Expert guidance during seasons of grief
The death of a significant person can be a time of great pain. Grief may affect you physically and emotionally. You may experience shock and numbness; sadness, anger, fatigue and exhaustion; restlessness and irritability. You may find yourself crying unexpectedly, searching for something or you may be forgetful, confused or distracted. The experienced team from Chaplaincy Grief Care offers support and education for family and friends. We invite you to follow a path through the pain that assists you in adjusting to life without the person who died, as well as finding meaning again.
- 10-week support groups are available for adults who have had a spouse, partner or other significant person die and are seeking a safe place to share their grief experiences with others. Click here for our current schedule.
- One-time classes are offered throughout the year to help grieving people understand their grief and how to deal with the stress, loneliness and confusion of the holiday season.
- Through one-on-one support a bereavement specialist provides a listening presence and a safe place for you to talk through your grief reactions and discuss coping strategies.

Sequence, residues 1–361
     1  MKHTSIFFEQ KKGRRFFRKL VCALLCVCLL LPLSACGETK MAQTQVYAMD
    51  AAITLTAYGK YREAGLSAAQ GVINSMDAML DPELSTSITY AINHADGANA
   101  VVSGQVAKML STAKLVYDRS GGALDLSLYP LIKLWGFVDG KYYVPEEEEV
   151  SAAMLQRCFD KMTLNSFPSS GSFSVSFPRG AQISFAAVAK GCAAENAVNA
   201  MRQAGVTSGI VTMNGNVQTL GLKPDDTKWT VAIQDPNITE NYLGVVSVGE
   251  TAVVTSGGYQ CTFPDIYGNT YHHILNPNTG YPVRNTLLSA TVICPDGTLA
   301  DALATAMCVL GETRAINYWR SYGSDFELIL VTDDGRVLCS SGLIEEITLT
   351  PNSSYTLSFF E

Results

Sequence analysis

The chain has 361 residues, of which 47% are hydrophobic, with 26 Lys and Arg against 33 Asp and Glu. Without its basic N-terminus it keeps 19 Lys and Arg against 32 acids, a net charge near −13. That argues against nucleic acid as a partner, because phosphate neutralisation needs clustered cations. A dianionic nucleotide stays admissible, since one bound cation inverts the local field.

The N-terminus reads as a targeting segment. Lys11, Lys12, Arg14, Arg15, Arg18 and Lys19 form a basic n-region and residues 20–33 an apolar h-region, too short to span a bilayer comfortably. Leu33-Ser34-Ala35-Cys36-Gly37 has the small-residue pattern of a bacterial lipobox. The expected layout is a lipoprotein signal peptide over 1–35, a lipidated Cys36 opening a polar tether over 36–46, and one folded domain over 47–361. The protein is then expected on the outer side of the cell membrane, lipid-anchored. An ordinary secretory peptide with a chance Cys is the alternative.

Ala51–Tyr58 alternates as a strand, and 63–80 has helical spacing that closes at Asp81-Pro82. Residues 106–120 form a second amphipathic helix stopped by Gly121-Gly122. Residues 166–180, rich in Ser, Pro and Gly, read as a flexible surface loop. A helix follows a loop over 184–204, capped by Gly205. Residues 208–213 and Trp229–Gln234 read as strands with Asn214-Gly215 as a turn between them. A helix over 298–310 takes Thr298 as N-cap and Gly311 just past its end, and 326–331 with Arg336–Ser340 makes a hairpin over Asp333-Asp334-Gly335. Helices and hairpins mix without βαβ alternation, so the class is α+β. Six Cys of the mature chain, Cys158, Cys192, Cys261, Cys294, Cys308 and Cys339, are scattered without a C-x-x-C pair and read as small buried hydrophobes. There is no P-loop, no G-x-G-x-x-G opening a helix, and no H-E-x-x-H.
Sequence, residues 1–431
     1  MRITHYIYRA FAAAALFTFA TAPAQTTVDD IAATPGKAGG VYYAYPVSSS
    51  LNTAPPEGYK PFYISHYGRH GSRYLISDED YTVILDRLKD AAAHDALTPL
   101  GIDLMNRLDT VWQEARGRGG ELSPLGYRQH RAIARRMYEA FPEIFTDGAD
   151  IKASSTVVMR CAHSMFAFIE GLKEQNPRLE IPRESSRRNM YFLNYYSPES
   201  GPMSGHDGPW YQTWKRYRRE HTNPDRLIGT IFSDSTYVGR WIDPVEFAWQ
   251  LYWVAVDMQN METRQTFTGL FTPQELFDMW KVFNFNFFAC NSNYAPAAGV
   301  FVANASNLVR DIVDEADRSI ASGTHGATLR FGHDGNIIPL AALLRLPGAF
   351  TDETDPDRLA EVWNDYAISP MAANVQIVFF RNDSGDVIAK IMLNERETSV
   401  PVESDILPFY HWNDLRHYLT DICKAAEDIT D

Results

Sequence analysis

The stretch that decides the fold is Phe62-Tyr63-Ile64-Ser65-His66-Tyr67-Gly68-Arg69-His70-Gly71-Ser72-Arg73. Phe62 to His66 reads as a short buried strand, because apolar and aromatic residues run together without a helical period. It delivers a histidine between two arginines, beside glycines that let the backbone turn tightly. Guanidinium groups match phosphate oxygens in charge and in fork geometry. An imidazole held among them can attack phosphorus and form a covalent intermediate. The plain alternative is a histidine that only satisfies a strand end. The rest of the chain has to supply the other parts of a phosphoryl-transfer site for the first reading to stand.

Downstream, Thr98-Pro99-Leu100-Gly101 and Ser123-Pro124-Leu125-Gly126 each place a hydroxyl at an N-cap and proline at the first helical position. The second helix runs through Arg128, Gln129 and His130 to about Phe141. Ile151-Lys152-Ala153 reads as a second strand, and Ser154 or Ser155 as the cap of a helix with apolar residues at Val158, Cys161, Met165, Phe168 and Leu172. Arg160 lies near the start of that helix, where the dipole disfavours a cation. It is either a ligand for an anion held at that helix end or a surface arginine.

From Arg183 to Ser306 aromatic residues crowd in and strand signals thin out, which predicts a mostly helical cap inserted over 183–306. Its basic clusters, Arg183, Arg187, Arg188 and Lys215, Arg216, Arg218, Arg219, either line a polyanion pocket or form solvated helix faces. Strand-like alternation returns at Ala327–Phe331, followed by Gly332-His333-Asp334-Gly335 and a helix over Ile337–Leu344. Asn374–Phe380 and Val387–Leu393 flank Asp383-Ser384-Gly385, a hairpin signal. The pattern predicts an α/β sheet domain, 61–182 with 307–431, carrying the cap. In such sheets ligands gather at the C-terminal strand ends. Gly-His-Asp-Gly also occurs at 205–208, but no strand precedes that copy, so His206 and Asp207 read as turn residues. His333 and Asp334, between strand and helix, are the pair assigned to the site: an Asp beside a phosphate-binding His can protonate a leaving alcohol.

We can help you right now. Call (509) 783-7416
Who is eligible for grief care?
Chaplaincy Grief Care is for adults who have experienced the death of a significant person in their lives. You do not need to have been in our hospice program to take advantage of support groups or classes.
When is support available?
Some people join a support group shortly after the loss, others come years later. The grief specialists at Chaplaincy Grief Care will provide support in whatever way is most comfortable for you.
How do I begin grief care?
The best way is to call us directly at (509) 783-7416 to discuss your exact needs and how we may be able to help. Our grief specialists will listen to your needs and discuss our support options with you.
How is grief care paid for?
Chaplaincy Grief Care support groups and classes are offered free of charge.
“I’ve learned that I’m not going crazy.”
“I was comforted to know that my not feeling good is normal, okay and [it’s] important to embrace how I am feeling. It’s been very helpful to be able to talk about my husband and what happened and how much I miss him.”